Most of us cannot do our work without interacting with other people. Effective communication is usually part of the job, and cooperation can be essential. When interaction, communication and cooperation are hindered in some way the workplace can become "toxic" and threaten our sense of well-being. Feelings of stress, frustration and anger can boil to the surface. Attendance, productivity, quality and safety often suffer. When people hear the word "harassment" they usually think of sexually-related activity. But harassment encompasses a wide range of behavior from practical jokes to intimidation. It can also include threats, verbal abuse and discrimination, even stalking and assault. Anyone can be subjected to it. Our training products on Workplace Harassment in Industrial Facilities discuss the various types of harassment that are found in the workplace, how they can affect an employee's work situation and what employees themselves can do to help prevent workplace harassment.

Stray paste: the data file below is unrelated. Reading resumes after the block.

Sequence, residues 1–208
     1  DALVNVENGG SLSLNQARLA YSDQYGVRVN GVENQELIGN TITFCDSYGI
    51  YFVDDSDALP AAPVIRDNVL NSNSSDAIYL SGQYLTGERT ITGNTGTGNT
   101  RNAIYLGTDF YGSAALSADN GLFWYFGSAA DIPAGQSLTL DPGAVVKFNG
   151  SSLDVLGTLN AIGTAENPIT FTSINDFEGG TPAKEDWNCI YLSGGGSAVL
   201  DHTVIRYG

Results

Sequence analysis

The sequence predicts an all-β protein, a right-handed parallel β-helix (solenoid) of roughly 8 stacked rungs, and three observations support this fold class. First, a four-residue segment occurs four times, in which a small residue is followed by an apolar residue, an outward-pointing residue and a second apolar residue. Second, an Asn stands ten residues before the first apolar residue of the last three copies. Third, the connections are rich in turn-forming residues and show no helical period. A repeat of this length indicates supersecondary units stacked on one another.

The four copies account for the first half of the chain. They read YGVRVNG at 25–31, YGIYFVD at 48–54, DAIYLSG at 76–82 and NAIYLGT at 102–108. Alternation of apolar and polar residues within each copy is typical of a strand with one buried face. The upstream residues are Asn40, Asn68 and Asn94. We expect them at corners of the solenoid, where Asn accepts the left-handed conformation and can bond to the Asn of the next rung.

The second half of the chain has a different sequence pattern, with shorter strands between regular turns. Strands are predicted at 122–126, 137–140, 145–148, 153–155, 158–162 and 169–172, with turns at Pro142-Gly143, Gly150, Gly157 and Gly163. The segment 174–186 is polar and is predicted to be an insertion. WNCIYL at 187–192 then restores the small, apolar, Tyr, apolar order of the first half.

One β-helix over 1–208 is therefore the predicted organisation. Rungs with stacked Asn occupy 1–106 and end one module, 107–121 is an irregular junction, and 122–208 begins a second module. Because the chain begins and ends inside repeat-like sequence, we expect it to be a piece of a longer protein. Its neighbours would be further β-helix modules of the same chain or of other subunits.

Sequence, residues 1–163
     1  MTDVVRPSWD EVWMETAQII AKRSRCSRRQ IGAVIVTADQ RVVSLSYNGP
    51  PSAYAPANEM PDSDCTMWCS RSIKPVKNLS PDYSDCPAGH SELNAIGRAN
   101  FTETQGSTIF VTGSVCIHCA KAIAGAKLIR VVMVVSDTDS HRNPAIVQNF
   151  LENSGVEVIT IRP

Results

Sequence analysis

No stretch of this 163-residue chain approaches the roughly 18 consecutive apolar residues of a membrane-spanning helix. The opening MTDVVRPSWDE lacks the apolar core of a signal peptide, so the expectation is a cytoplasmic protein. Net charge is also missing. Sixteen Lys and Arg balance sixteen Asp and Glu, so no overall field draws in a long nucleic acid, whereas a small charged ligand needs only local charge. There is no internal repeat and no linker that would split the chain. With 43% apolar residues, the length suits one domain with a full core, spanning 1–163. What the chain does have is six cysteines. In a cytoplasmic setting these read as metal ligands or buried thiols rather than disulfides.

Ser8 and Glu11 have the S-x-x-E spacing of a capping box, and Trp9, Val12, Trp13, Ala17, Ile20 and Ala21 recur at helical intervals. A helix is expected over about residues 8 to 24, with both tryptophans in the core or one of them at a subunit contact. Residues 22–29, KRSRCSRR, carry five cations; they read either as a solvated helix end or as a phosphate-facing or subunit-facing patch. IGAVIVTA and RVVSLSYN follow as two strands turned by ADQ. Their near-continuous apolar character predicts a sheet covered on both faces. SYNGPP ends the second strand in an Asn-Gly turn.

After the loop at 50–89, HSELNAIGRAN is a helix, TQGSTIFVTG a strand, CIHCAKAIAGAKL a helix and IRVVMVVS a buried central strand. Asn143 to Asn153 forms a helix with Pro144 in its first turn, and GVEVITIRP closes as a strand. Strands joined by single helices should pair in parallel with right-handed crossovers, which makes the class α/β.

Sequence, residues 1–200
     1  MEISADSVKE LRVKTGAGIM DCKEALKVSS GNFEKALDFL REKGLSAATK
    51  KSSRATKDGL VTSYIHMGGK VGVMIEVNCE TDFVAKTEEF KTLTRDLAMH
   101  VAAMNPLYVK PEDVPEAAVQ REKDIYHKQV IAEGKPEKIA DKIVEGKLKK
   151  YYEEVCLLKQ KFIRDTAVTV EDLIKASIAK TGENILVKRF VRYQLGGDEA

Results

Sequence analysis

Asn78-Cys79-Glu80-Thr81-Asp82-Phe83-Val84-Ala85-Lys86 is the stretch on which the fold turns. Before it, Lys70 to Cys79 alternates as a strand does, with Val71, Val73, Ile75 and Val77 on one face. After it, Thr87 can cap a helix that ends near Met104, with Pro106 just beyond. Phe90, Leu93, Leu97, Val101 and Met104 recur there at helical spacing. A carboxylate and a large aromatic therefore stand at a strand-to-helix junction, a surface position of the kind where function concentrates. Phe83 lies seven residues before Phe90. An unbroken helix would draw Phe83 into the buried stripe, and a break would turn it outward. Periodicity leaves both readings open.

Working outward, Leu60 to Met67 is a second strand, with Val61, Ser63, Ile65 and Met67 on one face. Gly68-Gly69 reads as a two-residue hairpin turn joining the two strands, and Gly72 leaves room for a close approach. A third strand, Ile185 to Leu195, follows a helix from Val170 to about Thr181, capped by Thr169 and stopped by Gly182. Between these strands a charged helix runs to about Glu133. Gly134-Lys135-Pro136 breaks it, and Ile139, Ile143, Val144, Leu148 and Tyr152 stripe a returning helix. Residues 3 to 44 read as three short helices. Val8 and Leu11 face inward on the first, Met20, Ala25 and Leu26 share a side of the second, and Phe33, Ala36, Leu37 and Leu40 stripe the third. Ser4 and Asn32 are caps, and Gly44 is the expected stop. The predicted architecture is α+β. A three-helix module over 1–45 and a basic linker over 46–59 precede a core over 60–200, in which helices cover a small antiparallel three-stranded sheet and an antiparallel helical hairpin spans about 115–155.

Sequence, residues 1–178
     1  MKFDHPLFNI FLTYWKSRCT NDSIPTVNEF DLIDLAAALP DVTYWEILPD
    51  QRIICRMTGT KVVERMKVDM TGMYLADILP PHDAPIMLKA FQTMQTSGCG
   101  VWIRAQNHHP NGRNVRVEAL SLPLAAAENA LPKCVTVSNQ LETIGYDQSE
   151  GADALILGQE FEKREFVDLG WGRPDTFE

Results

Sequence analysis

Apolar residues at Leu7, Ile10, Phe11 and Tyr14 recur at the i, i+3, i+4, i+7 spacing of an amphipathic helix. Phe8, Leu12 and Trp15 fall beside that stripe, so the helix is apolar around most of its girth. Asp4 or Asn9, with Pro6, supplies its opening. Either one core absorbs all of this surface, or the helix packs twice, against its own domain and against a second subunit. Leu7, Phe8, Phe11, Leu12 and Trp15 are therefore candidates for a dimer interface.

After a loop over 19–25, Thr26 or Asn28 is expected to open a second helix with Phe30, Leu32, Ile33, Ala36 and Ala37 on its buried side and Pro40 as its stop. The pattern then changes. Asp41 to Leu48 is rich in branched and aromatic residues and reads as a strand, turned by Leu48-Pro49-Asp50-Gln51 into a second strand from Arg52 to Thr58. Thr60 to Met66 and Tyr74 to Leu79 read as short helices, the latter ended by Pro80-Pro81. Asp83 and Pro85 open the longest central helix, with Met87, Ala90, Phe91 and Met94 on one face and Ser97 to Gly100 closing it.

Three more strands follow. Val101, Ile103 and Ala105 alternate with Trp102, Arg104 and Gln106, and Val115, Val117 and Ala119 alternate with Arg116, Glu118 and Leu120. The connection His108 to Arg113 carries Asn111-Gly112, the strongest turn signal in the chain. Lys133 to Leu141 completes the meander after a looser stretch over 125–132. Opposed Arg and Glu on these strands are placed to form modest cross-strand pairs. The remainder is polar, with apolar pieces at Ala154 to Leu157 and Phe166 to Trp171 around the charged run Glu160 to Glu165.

Harassment is a form of employment discrimination that violates Title VII of the Civil Rights Act of 1964. Harassment is a very unwelcome conduct that is based on race, color, religion, sex (including pregnancy), national origin, age (40 or older), disability or genetic information. Harassment becomes unlawful where enduring the offensive conduct becomes a condition of continued employment, or the conduct is severe or pervasive enough to create a work environment that a reasonable person would consider intimidating, hostile, or abusive. Anti-discrimination laws also prohibit harassment against individuals in retaliation for filing a discrimination charge, testifying, or participating in any way in an investigation, proceeding, or lawsuit under these laws, or opposing employment practices that they reasonably believe discriminate against individuals, in violation of these laws.
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